CEDAR RAPIDS, Iowa — Hundreds of veterans, family members and the public turned out to pay their respects for an Iowa sailor killed Dec. 7, 1941, in the attack on Pearl Harbor.
William James Shanahan Jr., 23, of Cedar Rapids, died while serving in the U.S. Navy aboard the USS Oklahoma. One of his sisters donated DNA almost 20 years ago and finally, in May 2019, his remains were identified.
St. Patrick’s Catholic Church filled with mourners on Tuesday, Sept. 3, for a funeral Mass for the fallen sailor, with burial at Mount Calvary Cemetery in Cedar Rapids.
Shanahan’s parents, William and Florence Shanahan of Cedar Rapids, and five of his siblings — Margaret, Robert, Thomas, and twins Patricia and Patrick — died before his remains were identified. His sister, Mary Lou Shanahan Pierce, is his closest surviving relative, along with nieces and nephews.
Just 7 when Shanahan died, Pierce said she was the youngest and he was the oldest of their siblings, so she didn’t have any clear memories of her brother, other than the profound sadness surrounding his death.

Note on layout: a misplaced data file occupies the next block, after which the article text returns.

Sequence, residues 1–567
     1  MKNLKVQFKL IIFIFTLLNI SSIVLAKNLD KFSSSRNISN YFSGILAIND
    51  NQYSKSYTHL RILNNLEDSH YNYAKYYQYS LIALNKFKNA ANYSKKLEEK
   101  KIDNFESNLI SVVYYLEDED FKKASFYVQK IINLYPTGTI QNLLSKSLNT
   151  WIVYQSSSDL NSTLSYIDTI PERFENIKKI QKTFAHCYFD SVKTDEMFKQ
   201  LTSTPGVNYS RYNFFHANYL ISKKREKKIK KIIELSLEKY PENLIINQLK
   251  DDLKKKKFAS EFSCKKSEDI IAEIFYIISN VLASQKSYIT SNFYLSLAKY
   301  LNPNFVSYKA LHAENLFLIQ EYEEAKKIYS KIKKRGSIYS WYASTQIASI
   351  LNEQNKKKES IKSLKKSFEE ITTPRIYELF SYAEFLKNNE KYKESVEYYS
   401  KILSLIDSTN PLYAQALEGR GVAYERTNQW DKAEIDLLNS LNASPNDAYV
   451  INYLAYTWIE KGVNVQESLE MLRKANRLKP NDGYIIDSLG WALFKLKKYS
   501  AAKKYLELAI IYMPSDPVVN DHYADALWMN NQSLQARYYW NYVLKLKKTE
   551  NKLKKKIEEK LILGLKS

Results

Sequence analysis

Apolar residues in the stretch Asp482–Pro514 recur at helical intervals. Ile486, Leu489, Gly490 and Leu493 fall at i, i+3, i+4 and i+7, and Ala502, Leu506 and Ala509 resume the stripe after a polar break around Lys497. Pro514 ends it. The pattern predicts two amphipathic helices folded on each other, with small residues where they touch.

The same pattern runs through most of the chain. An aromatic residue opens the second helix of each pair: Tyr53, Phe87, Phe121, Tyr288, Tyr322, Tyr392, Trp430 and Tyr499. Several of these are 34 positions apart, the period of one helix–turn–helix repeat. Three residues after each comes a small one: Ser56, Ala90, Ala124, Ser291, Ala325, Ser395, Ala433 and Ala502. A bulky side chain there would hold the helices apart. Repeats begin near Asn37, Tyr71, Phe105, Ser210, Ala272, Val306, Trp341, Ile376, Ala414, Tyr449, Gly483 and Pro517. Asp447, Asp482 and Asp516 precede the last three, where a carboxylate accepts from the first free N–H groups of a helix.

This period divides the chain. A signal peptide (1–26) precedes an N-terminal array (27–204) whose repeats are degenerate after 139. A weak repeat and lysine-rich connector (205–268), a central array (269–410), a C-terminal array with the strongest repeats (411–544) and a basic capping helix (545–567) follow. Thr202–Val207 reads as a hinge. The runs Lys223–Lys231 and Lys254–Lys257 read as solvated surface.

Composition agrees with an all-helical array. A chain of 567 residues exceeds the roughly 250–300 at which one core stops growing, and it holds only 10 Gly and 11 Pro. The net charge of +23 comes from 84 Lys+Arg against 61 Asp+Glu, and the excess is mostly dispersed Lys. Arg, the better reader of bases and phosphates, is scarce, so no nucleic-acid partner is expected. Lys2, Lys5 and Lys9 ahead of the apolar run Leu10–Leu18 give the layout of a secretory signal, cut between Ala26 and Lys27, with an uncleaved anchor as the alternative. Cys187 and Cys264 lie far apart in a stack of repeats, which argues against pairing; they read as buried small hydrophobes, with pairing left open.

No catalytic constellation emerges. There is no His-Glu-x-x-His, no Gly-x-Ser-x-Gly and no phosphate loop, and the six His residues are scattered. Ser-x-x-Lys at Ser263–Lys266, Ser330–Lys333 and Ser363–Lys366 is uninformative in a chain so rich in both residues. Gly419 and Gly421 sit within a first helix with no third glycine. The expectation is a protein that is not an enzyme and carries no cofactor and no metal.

Shanahan was born on July 22, 1918, in Cedar Rapids, and graduated from St. Patrick’s School in 1936.
His obituary noted that Shanahan was employed as a Gazette carrier salesman and also worked for Concrete Materials Co.
He enlisted in the U.S. Navy on October 5, 1940. His father William Sr. served in the U.S. Navy during WWI, and his three younger brothers also served in the U.S. Navy.
While most who attended the funeral Mass had never met Shanahan, William Dale of Cedar Rapids, said he remembered him.
Dale, who just turned 90, recalled watching Shanahan play basketball for St. Patrick’s High School, when Dale was a fourth-grader.
He came to pay his respects to Shanahan’s family at the funeral.
So, too, did Anita Miller, whose mother, Marie, was engaged to Shanahan.
Miller, 72, who lives in Independence, remembered hearing about Shanahan, recalling visits to see his mother when the family lived in Cedar Rapids.
Her mother, who died in 2010, married a few years after Shanahan’s death, but Miller said she never forgot him.
Miller said her daughter heard about Shanahan’s remains being identified.
“She emailed that he was coming home,” Miller said. “I had to be here for my mother’s sake.”
Memorials may be directed to the Patrick J. Shanahan VFW Post 788, Cedar Rapids, for a William J. Shanahan memorial. See Shanahan’s obituary at Murdoch-Linwood Funeral Home and more images from today’s services in Cedar Rapids, below:
This is my Uncle Bill. I received the formal visit from the POW & MIA U.S. Navy Officials in my office at the Freedom Foundation. I helped plan the funeral arrangements for my Uncle Bill!!
U.S. Army Veteran
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